Concubines and conquerors

Winnipeg author Margaret Sweatman’s book, The Players, is not something I would recommend for my mom to read. That having been said, I loved reading this book. Half-prose, half-I-don’t-know-what, Sweatman’s writing style is absorbing, to the extent that this book could be read on public transit with little or no effort.

Lilly is a gifted girl of 16 years in the tale that is very loosely based on 17th-century historical accounts and poetry. Raised as a beer wench who doubled as a beer-parlour prostitute, she uses her first high-profile John to get a job as an actress, which allows her the promotion to King’s Mistress. After some French-Canadian influence, much talking of maps and treason, and a touch of violence, Lilly decides to board a boat for China, without really thinking things through. The first thing she should have considered is that no one in the book, except for her, is actually planning a voyage to China. In an interesting conundrum, Lilly has historically used her feminine wiles onstage and between the sheets to advance (as much as a concubine can) in society, but when she finds herself in a world without the social rules she is familiar with, and more importantly without the normal protection of the king, she tries to downplay the fact that she is a woman, alone, without any skills useful in the “real”/New World.

Reading others’ reviews about this particular novel, I found it difficult to agree with statements like author Michael Crummey’s, describing the book as being “as dark as it is funny,” when there’s no comedy to be found! It’s dark, I’d say that much, but comedy? Hmm. . .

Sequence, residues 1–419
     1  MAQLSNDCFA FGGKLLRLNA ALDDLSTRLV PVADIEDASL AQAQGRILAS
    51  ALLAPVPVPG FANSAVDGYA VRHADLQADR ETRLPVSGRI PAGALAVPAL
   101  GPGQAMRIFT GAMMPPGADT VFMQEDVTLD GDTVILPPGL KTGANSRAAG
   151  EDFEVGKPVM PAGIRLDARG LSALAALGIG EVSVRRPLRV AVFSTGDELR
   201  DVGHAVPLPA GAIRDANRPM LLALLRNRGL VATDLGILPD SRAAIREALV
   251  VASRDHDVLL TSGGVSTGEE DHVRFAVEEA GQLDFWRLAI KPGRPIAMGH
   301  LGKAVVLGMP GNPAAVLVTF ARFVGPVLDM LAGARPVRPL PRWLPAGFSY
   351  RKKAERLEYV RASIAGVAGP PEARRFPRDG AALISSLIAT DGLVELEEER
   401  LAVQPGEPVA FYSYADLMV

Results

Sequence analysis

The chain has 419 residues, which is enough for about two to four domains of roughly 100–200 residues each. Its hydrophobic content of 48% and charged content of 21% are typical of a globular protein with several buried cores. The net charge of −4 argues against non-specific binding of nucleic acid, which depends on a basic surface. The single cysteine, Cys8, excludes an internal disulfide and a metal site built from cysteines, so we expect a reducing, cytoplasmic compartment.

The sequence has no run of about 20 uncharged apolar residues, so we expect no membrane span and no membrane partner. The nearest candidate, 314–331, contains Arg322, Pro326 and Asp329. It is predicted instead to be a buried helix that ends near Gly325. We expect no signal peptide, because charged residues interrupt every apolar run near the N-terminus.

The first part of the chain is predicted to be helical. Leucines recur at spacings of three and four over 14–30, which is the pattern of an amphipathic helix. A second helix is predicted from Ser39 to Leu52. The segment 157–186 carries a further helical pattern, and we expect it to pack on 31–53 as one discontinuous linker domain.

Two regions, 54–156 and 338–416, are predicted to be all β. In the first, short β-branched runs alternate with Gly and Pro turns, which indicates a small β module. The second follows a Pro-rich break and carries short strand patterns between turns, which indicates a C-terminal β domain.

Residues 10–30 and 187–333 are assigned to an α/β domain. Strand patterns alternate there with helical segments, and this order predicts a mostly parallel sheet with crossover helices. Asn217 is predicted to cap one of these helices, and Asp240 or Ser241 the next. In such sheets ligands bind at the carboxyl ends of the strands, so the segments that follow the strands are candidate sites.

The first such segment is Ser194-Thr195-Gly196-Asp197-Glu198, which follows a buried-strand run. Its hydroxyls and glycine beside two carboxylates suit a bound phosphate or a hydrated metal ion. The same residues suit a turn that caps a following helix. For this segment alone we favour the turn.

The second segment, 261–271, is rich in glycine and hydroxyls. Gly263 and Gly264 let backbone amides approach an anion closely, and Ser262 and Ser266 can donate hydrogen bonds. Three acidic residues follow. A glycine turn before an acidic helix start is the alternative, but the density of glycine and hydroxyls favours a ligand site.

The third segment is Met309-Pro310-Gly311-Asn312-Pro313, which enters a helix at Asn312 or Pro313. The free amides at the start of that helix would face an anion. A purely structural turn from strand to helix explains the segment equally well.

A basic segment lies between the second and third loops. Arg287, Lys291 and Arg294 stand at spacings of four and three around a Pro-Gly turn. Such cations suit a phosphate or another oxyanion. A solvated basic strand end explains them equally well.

The violence throughout this book is the main reason I wouldn’t recommend it for anyone who’s squeamish (sorry, Mom), and the frequency of this violence leads one to feel not that “Oh my stars! No one is safe!” feeling of some horror movies, but rather that everyone seems astoundingly — alarmingly — blasé about it. The violence of this book, as I later realized, also happens to be a source of much of the absurdist comedy. “What’s that? A hobo with a fiddle bow rammed through his eye socket? Oh well, pass the tea,” seems to be the general reaction of the characters. A societal higher-up (I won’t say who — you’ll just have to read it!) who just so happens to be a complete and total asshole gets murdered, and people talk about it a couple times in the House of Lords, and then it’s forgotten, without investigation or punishment. His friends simply shrug and say something like “Oh well, it was bound to happen sooner or later; he was a jerk.” None of them seem to care what happened to him, even to assure themselves that it’s not some sort of serial lord-killer that might target them next time! No, no one worries about a murderer; they’re all too busy trying to not mention to a man that the self-aspiration of his frontal lobe made things awkward at dinner — and the subsequent meeting — not to mention ruining a perfectly good wig and bandage. Oh well, such is life, any biscuits left?

In a lovely contrast with the current fashion of travelling by plane, keeping all our limbs intact and not dying of scurvy, I would like to propose The Players as a breath of fresh air, loosely based on fact enough that one can feel proud for reading about the origin of our country (sort of), and engagingly-written enough that it can be read anywhere, by almost anyone. Just make sure to bring a first-aid kit.